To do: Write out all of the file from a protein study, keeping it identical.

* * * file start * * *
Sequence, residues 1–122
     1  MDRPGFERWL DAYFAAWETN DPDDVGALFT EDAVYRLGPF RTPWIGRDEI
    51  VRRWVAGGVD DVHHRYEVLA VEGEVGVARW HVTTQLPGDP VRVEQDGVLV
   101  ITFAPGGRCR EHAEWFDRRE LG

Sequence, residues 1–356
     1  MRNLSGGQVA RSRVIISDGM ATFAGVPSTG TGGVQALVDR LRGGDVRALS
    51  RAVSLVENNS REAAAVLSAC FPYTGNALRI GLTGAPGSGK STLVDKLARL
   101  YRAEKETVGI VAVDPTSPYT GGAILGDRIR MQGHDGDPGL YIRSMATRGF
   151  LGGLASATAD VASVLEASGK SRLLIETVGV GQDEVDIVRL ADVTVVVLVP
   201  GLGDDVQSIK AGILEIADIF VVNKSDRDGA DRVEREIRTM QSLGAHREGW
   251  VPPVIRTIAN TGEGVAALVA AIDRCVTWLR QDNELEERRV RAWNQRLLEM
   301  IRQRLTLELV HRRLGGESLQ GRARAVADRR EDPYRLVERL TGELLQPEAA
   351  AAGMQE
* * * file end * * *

Sequence, residues 1–122
     1  MDRPGFERWL DAYFAAWETN DPDDVGALFT EDAVYRLGPF RTPWIGRDEI
    51  VRRWVAGGVD DVHHRYEVLA VEGEVGVARW HVTTQLPGDP VRVEQDGVLV
   101  ITFAPGGRCR EHAEWFDRRE LG

Sequence, residues 1–356
     1  MRNLSGGQVA RSRVIISDGM ATFAGVPSTG TGGVQALVDR LRGGDVRALS
    51  RAVSLVENNS REAAAVLSAC FPYTGNALRI GLTGAPGSGK STLVDKLARL
   101  YRAEKETVGI VAVDPTSPYT GGAILGDRIR MQGHDGDPGL YIRSMATRGF
   151  LGGLASATAD VASVLEASGK SRLLIETVGV GQDEVDIVRL ADVTVVVLVP
   201  GLGDDVQSIK AGILEIADIF VVNKSDRDGA DRVEREIRTM QSLGAHREGW
   251  VPPVIRTIAN TGEGVAALVA AIDRCVTWLR QDNELEERRV RAWNQRLLEM
   301  IRQRLTLELV HRRLGGESLQ GRARAVADRR EDPYRLVERL TGELLQPEAA
   351  AAGMQE